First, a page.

Article info

Volume         4

Pages             84 - 88

DOI                10.5027/jnrd.v4i0.12

Published    04/12/2014

Keywords    Disaster risk transfer, Microinsurance models, Community based microinsurance model

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Arshad Ali *, Asad Mahmood, Shahnila Gul

National University of Science and Technology, Islamabad, Pakistan

*Correponding author:



This research looks at the effectiveness of microinsurance services during and after a disaster and at disaster management as an effective tool for community betterment. A detailed review has been done on available research and case studies. Unfortunately, underdeveloped countries suffer due to a lack of finances during and after a disaster. Developed countries are usually not ready for any disaster at government and public levels. A disaster affected country will also be keen for financial help from donor agencies and other counties. Microinsurance would be very helpful during any disaster to overcome the financial needs at the community level. Microinsurance is a practice that can share the financial liability with the affected population during a disaster. There is no trend in Pakistan for community based microinsurance for certain reasons, although there are very good examples available for review in the region. These include microinsurance services based on community microinsurance models such as SEWA (Gujarat), Weather-Index-based insurance (Ethiopia) and Crop insurance against typhoons (Philippine). These have played a vital role in disaster risk transfer during and after disasters. This study will identify the implementation and outcome of microinsurance in Pakistan during a disaster and understand how much beneficial microinsurance would be for the betterment and recovery of affective community on an urgent basis.



Recently there has been an increase in micro-financing. Micro-financing tools like micro-credit have been involved in economic development. These products are offered by Non-Governmental Organizations (NGO’s), Micro-Financial Institutions (MFI’s) and other organizations. With the increase in demand for micro-credit, the demand for micro-insurance as a risk transferring tool has also increased. Risk financing and risk transferring tools when included within risk reduction activities, increase the capacity of the community to bridge financial vulnerability gaps. Risk financing is a mechanism to reduce risk by ensuring funds are available whenever disasters occur. Funds are kept aside to be used whenever needed or taking loans from pre-arranged external financial facilities [8], [11], [20].

The International Association of Insurance Supervisors (IAIS) defines microinsurance as “protection of low income people against specific perils in exchange for regular premium payments proportionate to the likelihood and cost of the risk involved”. Microinsurance is a service whose main focus is on poor people, to manage their risks. The target market for microinsurance is low and irregular income people, with low literacy levels, informal means of livelihood or who are self-employed. It is a tool used for risk reduction through pro-poor financing, rural development, social security and agriculture [16]. Microinsurance can further be categorized into profit-based and nonprofit-based microinsurance. The key difference between Profit-Based Microinsurance (Profit-Based MI) and Non-Profit Based Microinsurance (Non-Profit-Based MI) is that in later there is flexibility in premium payments, the client can pay in cash or in kind (wheat, maize, sugar etc.) [11].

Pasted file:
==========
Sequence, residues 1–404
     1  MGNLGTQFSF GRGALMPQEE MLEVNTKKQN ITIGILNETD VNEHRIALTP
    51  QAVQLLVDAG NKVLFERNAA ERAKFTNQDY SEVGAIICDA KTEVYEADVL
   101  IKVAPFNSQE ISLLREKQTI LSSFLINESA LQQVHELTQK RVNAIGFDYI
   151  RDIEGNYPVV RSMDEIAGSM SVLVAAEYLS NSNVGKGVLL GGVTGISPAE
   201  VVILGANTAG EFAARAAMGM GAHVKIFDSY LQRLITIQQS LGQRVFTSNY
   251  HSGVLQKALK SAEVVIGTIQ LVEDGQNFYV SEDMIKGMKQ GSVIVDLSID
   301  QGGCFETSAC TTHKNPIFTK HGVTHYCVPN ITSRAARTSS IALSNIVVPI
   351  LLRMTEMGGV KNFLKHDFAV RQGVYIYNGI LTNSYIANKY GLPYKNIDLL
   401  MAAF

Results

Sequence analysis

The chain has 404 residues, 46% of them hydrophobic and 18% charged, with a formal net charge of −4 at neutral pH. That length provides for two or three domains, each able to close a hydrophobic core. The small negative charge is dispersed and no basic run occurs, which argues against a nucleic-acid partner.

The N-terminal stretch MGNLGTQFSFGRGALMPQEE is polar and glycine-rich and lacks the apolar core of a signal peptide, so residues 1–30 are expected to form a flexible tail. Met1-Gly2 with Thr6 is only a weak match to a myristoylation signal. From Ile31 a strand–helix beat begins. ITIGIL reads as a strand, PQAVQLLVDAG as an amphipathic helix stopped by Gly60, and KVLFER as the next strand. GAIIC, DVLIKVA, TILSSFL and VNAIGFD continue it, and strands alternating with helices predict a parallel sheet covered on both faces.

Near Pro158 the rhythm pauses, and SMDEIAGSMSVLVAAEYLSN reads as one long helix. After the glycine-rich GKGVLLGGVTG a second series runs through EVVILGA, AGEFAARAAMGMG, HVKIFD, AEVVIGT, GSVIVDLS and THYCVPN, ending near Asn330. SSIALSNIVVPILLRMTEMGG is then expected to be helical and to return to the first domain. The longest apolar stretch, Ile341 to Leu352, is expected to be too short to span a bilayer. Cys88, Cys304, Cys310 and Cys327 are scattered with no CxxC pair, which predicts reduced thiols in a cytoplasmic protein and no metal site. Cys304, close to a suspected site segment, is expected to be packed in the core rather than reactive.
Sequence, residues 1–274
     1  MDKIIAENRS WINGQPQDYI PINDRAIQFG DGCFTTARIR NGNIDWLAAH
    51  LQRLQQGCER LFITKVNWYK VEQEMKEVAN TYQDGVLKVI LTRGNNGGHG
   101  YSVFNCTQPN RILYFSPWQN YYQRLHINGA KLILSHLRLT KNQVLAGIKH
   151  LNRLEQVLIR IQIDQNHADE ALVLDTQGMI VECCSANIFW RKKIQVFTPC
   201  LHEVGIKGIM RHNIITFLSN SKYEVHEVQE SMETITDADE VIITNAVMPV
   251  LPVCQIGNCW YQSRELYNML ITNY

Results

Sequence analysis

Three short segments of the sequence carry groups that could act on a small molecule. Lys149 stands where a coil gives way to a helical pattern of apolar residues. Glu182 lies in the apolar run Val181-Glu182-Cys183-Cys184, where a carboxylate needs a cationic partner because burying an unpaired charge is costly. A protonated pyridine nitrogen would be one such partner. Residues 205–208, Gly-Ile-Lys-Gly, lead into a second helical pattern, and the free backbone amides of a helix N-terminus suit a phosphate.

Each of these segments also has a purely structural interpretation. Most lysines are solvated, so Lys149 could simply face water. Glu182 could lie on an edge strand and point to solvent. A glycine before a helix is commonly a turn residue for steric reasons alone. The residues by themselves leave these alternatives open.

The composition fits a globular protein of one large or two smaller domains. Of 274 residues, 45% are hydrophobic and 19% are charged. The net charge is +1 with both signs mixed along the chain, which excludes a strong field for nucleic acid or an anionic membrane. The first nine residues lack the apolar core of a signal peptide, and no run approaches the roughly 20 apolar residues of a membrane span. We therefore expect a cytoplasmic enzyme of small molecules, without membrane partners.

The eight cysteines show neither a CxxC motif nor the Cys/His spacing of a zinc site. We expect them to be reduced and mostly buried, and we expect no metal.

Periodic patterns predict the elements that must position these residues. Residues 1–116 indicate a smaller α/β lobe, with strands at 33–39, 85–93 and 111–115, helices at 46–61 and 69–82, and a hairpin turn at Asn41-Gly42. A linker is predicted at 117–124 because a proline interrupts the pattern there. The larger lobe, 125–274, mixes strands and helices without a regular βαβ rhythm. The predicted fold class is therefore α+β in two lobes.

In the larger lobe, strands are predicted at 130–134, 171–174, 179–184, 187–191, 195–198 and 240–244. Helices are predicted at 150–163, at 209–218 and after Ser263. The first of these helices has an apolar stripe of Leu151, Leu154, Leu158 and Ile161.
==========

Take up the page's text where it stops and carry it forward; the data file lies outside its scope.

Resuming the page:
One of the important aspects of microinsurance is its delivery to the client. Some microinsurance delivery models are as follows [1], [15]:

Partner-Agent Model (PAM): In this model a public insurer works together with MFI’s or NGO’s. They develop a microinsurance product and the liability of absorbing the risk is on the insurer. It is distributed through established networks to lower the cost and improve accessibility.

Community-Based Model (CBM): This is also called a mutual model. In this model the local people together in the form of a group and then with the understanding of MFI’s and NGO’s, develop and distribute a microinsurance product. They all have to absorb the risk mutually.

Full Service Model (FSM): This is a commercial or public insurance model in which full services are provided. The risk has been absorbed by the insurers who provide the framework for development of the product and its distribution.

Provider Model (PM): In this model the services are provided directly to the customers. This requires a legal obligation to contract. This kind of insurance is usually in connection with a credit facility. e.g., to insure for risk of default.

CB-MI reduces the cost related to any risk. In CB-MI the chance of fraud is very low due to its cashless system. In this model the focus is on a marginalized group within the community e.g. women. The premium and risk range are developed with mutual consultation to reduce unnecessary costs. The products are correctly priced and so attract a large number of people [3], [19].


What is community based microinsurance?